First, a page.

Return to the Overview of Networking page.
To connect data communications equipment, common electrical interface standards have been developed. There are two sides of an interface:
DTE: Data Terminal Equipment (PC, Terminal, Printer)
DCE: Data Communications Equipment (Modem, Mux, Host/Mainframe)
Current Loop interfaces rely on detection of loop current to transmit and receive data. They evolved from the Teletype days of data communications. Although popular through the late 1970s, there is no formal standard for loop current interfaces. Loops generally operated with either 20 mA or 60 mA of current. Loop open conditions were generally considered to be a logic 0, or Space, condition. Loop closed conditions were considered to be a logic 1, or Mark, condition.
Current Loop interfaces could easily operate at 9600 baud up to 1500 feet or more. External converters were needed to convert this type of interface to RS-232.
The Western Electric 301/303 interface is a Current Loop interface. It is unbalanced interface, capable of operation at high speeds. Typical impedance is 100 ohms. A binary 1 (Mark) is interpreted as a current OFF state; less than 5 mA of current flow. A binary 0 (Space) is interpreted as a current ON state; more than 23 mA of current flow.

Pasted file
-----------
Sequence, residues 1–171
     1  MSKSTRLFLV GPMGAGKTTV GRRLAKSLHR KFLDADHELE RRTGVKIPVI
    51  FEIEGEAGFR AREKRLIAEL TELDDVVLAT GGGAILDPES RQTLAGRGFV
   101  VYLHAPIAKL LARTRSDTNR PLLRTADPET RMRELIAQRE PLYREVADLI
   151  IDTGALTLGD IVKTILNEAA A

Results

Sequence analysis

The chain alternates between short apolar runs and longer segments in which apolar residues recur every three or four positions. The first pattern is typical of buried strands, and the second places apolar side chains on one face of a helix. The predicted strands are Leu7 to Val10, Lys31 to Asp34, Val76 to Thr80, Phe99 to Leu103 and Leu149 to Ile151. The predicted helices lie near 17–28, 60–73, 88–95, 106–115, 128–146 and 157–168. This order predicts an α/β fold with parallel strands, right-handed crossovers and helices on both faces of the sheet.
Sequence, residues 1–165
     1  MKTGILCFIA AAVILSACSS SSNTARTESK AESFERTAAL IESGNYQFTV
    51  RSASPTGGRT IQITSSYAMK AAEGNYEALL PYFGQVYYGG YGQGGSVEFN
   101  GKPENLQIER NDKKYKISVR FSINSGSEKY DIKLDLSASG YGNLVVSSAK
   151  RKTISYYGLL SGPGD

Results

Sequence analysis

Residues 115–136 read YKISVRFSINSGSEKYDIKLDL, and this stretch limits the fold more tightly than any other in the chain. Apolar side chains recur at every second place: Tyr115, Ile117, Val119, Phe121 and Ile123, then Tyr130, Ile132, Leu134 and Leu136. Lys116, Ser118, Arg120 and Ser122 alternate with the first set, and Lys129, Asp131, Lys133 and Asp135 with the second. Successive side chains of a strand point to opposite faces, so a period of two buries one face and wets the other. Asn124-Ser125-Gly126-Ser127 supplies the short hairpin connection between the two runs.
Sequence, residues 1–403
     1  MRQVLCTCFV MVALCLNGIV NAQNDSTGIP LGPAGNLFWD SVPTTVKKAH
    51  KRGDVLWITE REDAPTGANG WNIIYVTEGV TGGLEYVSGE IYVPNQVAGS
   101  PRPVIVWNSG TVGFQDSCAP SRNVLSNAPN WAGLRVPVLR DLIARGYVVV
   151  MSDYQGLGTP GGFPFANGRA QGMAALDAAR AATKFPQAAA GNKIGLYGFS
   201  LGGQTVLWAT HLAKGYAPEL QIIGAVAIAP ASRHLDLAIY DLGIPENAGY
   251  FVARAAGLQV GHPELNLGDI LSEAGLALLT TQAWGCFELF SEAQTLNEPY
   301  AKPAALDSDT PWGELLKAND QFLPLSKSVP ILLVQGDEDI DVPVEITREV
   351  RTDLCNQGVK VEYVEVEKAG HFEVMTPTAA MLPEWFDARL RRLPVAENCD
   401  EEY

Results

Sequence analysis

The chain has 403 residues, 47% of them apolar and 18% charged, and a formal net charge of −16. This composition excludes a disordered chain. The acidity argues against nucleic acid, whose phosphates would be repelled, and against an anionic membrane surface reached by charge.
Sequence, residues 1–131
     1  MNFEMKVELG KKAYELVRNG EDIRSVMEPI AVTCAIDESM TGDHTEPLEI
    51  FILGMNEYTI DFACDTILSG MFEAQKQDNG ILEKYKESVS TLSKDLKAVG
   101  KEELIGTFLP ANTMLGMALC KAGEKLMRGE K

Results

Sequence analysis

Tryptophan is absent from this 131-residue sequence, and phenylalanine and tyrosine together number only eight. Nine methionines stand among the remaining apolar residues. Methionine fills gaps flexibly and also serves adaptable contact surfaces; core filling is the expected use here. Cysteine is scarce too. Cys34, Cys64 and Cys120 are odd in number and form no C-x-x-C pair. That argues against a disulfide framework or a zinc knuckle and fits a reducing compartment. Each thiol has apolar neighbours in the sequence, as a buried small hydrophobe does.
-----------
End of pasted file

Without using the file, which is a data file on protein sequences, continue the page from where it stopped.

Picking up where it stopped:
While this interface used to be popular in the North American Central Office environment, it is rarely seen anymore. The WECO 301/303 interface uses a square, 12-pin Burndy connector.
RS-232 is a very popular interface for low speed data signals. It is an unbalanced interface capable of operation from 0 to 20 KBPS at 50 feet. RS-232 is a voltage sensing interface, with the Mark (1) voltage being from -3 to -25 VDC and the Space (0) voltage being from +3 to +25 VDC. Control signals are considered ON when in the voltage range of +3 to +25 VDC. Transmitter impedance values are less than 100 ohms for data and clock signals and less than 1000 ohms for control signals. Receiver impedance is from 3000 to 7000 ohms.
The RS-232 interface is implemented in a D-shell connector with 25 pins. It is compatible with interfaces specified in ITU V.24, ITU V.28, and ISO IS2110.
V.35 was originally developed by the CCITT (now the ITU) and is considered obsolete. However, it is still a popular interface for higher speed data signals.V.35 is a balanced interface that senses current flow, versus voltage levels. A Negative Mark (1) is employed; Output A is negative with respect to Output B for a Mark (1). The characteristic impedance is 100 ohms. Voltage levels employed are +/- 1.1 VDC (differential A to B measurement). Driver offset from Signal Ground may be 0 +/- .2 VDC. The Receiver offset from Signal Ground may be as much as 0 +/- .6 VDC. The Receiver sensitivity is +/- 10 millivolts maximum.
A word of caution about V.35. It has been obsolete since 1988. It originally specified an electrical data interface capable of operation at 48 KHz at 50 feet. Although V.35 equipment today commonly operates at T1 speeds (1.544 MBPS), there have been cases of incompatibility between devices at the higher bit rates.